Around this time of year, it’s natural to be thinking about what to add to your holiday list. While I’m not a big shopper, there are a few special art tools I use for every pet portrait and just can’t live without.

My favorite tools (and I bet they’ll be yours soon too) are listed below and include:

  • the gallery wrapped canvas I’ve used for 20 years
  • the paint tube I use the most when painting pets, and
  • my favorite brush

To make painting more fun from start to finish, the supplies you use are key, I hope you enjoy and take the time to share your own favorites in the comments at the bottom of this post.

This gallery wrapped canvas I’ve used for 20+ years

Invest in 1,5 inch deep Gallery Wrapped Canvases (this is my favorite style and you can find a similar one at Michael’s too) because the texture and quality is worth it if you want to gift or sell your paintings. I like a medium texture when I paint so if you do too, then this may be your new favorite.

My pet portraits become heirlooms so I take quality and conservational aspects seriously. Every aspect is intentional with my art, from my practice to the tools and communication.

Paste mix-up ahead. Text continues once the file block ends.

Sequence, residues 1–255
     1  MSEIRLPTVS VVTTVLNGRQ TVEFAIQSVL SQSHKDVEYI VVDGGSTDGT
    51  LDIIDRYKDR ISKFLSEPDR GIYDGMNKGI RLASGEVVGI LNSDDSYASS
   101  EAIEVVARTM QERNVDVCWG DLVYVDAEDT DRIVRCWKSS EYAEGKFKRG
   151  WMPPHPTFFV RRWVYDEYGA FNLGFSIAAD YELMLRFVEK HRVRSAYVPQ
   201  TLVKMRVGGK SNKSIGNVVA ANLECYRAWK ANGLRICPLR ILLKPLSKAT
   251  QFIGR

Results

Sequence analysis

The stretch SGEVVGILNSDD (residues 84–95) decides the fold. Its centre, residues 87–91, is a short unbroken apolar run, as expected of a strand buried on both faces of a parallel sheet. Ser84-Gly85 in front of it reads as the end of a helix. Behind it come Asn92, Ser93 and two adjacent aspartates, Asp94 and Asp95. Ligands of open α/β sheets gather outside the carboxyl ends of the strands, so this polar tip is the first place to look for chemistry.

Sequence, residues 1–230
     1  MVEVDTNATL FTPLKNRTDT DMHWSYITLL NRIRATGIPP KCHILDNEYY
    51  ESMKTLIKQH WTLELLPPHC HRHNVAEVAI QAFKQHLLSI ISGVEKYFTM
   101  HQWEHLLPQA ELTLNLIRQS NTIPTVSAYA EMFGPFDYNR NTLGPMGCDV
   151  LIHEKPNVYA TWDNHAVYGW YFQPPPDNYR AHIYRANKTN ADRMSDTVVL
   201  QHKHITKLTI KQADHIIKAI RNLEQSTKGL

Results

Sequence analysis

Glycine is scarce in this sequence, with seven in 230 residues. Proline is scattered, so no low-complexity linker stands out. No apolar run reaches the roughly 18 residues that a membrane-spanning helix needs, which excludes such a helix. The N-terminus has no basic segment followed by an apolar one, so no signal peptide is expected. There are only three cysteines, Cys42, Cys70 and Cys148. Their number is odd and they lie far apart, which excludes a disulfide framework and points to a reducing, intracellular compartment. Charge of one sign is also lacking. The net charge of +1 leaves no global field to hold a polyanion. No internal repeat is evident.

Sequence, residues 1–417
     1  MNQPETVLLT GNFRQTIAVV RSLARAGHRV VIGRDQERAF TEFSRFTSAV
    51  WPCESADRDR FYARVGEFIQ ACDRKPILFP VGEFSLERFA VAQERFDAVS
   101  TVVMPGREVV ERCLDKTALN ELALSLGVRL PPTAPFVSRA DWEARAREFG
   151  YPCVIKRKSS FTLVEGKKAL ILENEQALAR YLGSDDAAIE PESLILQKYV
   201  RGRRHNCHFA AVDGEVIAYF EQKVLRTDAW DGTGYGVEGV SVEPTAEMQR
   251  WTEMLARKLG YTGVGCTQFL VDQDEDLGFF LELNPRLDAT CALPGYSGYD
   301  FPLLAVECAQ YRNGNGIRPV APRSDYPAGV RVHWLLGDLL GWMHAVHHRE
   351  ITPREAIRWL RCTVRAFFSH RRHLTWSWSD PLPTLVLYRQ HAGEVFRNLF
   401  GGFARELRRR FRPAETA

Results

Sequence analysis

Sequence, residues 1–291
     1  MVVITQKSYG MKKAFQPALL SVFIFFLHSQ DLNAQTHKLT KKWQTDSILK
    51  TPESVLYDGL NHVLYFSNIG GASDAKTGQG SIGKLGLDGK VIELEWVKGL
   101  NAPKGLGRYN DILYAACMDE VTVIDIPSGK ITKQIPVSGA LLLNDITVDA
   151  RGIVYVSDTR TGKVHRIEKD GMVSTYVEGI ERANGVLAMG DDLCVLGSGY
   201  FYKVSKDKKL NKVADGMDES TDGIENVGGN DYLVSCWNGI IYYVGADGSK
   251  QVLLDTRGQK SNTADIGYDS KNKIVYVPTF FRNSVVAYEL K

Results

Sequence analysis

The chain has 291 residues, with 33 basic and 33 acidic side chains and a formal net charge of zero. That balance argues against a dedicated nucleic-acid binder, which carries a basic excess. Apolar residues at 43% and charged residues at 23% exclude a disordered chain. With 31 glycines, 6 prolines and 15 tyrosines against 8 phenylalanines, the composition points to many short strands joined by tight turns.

Investing in a quality canvas will also lengthen the life of your brushes, and the deeper canvas looks great on the wall as is so you’ll save on any framing cost. It’s a win-win.

My top paint color for blending

Finding the acrylic paint consistency that you like will increase the joy factor when you paint, and get you into the creative flow faster, my friend. You’re going to start longing for how blending the paint feels with your brush.

The paint tube I use the most can can’t live without is the Unbleached Titanium in soft body. It’s a go-to blender for me as it brings out the yellowish brown tones that we so often see in a pet’s fur. I like the fluidity of it and I can easily blend it with a heavy body without it getting too ‘cakey’ or full of resistance.

The brush I can’t live without

It’s important to enjoy the brushes we use. Even with my favorite brush I can tell right away when it stops performing at its best and I switch it out for a new one. The handle needs to feel good in our hands, the brush shape and fibers need to be enjoyable to use when we blend and apply the paint on the canvas. Then they also need to hold color… just to name a few.

My favorite brush is the chisel blender, size 6, in Princeton Select Artiste or Artist’s Loft. This is a game changer and the students I’ve recommended it to agree. I use all the sizes but this is the size I can’t live without because I use it throughout every phase of my pet portrait process.

I list all my most commonly used colors for my pet portraits and dive deeper into the difference between basics, heavy duty and soft body paints in my Top Secret List of Acrylic Art Supplies. So if you want to add even more tools that will help you paint pet portraits to your holiday list, you know where to find them.